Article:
This is not an academic matter, or about my person, or a philosophical matter, or about taxonomies of arguments. It is a very practical matter: the avoidance of eternal torture. It is too serious to be brushed off with sophistry, verbal acrobatics and one up-manship. I am not making accusations, I am just letting you know my perspective, attitude and motivation. I do not argue or answer questions if I feel it will not help anyone closer to Islam or defend the faith of a Muslim. Time is far too short, and I do not feel that this work is particularly pleasant either. I do it because I love Aļļaah and His Messenger, I love this great religion, and because I fear that if I do not, while given capability in this box that is me, I may face terrible consequences after my death, and I would deserve it.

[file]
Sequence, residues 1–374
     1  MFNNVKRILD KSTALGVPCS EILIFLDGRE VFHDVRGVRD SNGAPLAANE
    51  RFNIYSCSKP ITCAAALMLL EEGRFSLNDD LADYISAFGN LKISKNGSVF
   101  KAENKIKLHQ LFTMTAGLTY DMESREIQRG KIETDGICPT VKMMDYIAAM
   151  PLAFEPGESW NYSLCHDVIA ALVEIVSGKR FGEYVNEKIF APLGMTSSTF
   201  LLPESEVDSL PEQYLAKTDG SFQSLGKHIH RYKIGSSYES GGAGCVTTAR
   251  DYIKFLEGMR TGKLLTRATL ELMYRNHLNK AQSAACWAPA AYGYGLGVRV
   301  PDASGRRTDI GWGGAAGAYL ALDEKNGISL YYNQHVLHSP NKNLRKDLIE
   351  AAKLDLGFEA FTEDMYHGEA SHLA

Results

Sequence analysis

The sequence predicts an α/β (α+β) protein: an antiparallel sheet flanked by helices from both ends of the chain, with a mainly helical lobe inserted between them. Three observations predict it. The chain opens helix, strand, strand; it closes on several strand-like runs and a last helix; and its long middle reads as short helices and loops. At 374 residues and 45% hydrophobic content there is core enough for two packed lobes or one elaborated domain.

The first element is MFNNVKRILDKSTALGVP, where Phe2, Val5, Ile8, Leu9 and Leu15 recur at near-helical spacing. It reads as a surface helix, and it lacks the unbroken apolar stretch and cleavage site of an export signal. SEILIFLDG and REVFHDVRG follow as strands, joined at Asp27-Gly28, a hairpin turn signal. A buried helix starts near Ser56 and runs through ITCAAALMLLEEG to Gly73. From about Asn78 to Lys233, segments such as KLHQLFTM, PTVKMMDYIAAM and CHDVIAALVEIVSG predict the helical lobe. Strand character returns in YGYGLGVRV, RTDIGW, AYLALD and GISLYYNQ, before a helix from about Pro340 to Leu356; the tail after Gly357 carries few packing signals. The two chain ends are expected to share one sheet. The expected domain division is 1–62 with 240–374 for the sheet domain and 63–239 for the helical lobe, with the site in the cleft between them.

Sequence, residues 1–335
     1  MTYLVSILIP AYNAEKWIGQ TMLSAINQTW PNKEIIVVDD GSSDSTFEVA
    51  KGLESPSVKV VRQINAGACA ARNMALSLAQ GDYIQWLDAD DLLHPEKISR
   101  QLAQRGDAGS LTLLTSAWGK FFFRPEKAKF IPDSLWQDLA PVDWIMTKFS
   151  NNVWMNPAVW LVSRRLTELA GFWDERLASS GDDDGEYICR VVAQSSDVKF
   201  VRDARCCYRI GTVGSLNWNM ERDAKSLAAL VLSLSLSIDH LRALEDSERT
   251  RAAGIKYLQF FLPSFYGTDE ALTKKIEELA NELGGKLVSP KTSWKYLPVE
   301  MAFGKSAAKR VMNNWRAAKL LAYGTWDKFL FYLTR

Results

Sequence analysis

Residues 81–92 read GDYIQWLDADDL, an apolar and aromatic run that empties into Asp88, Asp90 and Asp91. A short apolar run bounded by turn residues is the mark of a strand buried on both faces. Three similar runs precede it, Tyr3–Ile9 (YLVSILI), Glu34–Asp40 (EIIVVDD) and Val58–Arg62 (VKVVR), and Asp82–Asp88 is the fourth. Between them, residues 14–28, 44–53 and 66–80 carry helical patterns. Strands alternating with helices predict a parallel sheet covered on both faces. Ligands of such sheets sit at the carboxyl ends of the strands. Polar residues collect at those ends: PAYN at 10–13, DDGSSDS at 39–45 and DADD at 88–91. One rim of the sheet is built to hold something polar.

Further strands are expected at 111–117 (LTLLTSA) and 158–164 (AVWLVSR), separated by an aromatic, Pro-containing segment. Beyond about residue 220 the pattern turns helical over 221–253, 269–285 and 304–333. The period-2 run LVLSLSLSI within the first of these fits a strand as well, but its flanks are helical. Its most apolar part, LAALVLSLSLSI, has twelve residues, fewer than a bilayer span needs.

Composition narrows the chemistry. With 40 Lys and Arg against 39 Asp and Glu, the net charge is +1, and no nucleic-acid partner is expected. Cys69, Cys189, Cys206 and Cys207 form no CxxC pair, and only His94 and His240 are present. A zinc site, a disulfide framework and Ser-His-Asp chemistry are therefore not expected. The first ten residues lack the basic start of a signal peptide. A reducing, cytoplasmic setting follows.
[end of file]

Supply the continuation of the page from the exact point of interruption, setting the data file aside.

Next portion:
Logic is important, but it is the heart that drives one to use it honestly and face the consequences of the truth. If our hearts are hard, then we are no better than dumb animals, for logic will do us no good. What does 2+2=4 mean to a computer?

    Note that to a Muslim there is not significant difference between an agnostic and an atheists. Both of them do not believe in a creator, and what is beyond that is not important. It is academic so to speak. The former is more mocking and the latter more aggressively stubborn, and that is about it.

    I do not at all accept the idea that they believe faith should be proof based. That is mere demagoguery on their part. How can this be for sophists when they make or accept claims like “this happened for no reason,” or “I am not sure I exist,” or “I exist, but I am not sure about anything else.” What would be a proof to such a person? It is like saying, “I think faith should be based on proof, but I accept no proof.” This is as blind a faith as they come, it is a fanatical belief in doubt so to speak. As for the atheist that claims there is no god, where is his proof of that? There is no proof of that, so how is this following proofs?